Rule #1: We Don’t Know What We Don’t Know

Fans of the popular CBS television series NCIS know that the main character, Leroy Jethro Gibbs (played by Mark Harmon) has an extensive series of ‘rules’ that he has developed through his experience.  He lives by these rules and teaches them to the people he works closely with.

I have to come to realize that I also have a series of ‘rules’ that I have learned from client situations throughout my career.  I will be sharing these rules with you over the next few months.

Rule #1: We Don’t Know What We Don’t Know

“Owners’ success, and the success of their companies, becomes limited by what they don’t know.”


Business owners are typically smart, entrepreneurial people.  They have led their companies to a certain level of success, often by hard work and ‘gut feel’.  They have hired great people who are very loyal to them and their company.  They have personal relationships with their important customers and vendors.  They have cash in the bank.

But then something happens to them or their company that they, and members of their team, haven’t experienced before.  Their growing company hits a wall and plateaus, or jumps out of control.  Increased competition or economic conditions reduce profit margins.  Team members are no longer effective at their jobs because their jobs have changed, requiring different skill sets.  A disgruntled employee takes action against the company.  Decisions become too risky to make by ‘gut feel’ alone.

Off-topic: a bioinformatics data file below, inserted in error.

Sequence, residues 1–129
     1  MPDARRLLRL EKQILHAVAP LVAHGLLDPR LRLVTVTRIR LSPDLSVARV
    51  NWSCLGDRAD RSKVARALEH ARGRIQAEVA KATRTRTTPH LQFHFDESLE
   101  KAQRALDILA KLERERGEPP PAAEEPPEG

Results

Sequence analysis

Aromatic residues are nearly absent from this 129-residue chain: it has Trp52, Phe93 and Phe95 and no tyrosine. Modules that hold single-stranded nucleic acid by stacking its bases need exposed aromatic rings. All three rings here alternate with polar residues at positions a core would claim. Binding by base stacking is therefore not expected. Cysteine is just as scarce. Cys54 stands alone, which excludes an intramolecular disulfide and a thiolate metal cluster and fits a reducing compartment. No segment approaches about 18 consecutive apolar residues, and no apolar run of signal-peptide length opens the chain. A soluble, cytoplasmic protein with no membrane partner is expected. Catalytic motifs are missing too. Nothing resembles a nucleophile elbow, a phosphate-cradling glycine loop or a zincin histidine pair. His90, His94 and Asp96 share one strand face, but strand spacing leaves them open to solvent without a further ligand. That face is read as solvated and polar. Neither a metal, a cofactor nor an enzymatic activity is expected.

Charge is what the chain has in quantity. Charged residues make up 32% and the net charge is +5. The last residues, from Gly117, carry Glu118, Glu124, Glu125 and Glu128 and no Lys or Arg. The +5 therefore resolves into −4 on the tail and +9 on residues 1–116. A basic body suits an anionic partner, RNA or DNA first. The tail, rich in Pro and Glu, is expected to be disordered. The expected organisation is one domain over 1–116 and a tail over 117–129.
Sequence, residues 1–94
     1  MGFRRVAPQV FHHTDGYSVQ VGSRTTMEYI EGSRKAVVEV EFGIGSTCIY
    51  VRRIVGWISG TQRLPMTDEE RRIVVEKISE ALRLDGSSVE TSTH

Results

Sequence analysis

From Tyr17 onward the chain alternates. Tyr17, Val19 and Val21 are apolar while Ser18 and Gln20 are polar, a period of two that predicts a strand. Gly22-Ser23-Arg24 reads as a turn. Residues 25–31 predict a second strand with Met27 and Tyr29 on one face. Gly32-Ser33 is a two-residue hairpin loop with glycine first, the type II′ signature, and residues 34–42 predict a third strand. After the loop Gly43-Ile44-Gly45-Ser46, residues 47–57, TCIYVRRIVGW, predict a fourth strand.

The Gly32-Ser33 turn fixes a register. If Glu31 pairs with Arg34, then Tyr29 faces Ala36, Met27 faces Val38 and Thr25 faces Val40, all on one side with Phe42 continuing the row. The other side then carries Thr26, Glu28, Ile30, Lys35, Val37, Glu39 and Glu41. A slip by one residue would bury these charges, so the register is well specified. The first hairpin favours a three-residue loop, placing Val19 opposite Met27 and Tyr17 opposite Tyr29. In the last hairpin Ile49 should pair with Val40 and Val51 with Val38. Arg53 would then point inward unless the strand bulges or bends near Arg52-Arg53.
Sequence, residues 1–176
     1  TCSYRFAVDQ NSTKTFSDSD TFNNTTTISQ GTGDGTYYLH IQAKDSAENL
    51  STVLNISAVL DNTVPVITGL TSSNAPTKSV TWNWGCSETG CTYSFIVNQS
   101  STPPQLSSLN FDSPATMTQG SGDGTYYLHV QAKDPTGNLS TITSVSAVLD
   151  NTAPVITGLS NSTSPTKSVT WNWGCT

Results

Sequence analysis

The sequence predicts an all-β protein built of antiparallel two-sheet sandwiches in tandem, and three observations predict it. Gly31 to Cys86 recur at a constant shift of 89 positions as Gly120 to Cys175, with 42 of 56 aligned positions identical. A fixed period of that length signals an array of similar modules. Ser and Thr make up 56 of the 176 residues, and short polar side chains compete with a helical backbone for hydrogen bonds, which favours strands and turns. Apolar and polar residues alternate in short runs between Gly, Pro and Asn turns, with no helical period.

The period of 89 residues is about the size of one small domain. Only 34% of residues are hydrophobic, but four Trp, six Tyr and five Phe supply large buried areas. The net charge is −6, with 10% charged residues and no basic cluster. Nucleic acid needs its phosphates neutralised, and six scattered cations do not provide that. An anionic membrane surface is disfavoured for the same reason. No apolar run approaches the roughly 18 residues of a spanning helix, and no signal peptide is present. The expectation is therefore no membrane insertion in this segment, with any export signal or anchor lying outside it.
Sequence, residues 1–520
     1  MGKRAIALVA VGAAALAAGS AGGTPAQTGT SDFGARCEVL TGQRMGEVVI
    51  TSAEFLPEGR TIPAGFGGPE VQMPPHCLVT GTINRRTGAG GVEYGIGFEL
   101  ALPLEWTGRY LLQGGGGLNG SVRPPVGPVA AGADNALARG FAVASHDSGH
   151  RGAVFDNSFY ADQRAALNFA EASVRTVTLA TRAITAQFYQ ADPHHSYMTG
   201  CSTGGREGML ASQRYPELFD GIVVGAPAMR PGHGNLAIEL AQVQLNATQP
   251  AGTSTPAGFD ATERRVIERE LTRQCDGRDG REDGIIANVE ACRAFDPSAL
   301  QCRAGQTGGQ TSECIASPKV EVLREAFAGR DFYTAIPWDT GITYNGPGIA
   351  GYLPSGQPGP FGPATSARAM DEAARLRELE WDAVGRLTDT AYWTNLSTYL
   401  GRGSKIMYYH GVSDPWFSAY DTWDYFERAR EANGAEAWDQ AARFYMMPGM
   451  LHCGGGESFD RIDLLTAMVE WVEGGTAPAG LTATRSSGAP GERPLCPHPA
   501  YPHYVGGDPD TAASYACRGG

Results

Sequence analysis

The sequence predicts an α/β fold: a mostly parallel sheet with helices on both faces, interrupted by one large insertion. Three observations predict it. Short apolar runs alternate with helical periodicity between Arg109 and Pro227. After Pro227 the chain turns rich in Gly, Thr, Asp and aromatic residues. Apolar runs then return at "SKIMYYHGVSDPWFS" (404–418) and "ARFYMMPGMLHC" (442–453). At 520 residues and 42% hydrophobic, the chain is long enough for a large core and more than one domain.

These owners and their team members didn’t know the need for documented processes and procedures.  They didn’t know the need for strategic and business plans, and for annual budgets.  They didn’t know the need for new and/or different information that would help them make decisions for the company to be more profitable.  They didn’t know that available technology could help them attract customers, automate a manufacturing process or streamline their accounting function.

These owners’ success, and the success of their companies, becomes limited by what they don’t know.

How do we expand what we know?  Owners can build an inner circle of trusted advisors, including a B2B CFO® partner, that they can directly involve in their business as needed.  They can take advantage of every hiring opportunity to build the skill set, experience and expertise of their teams (another of my rules).

Most importantly, we must constantly be aware that “we don’t know what we don’t know” and be open to new ideas, different perspectives and opportunities for improvement.

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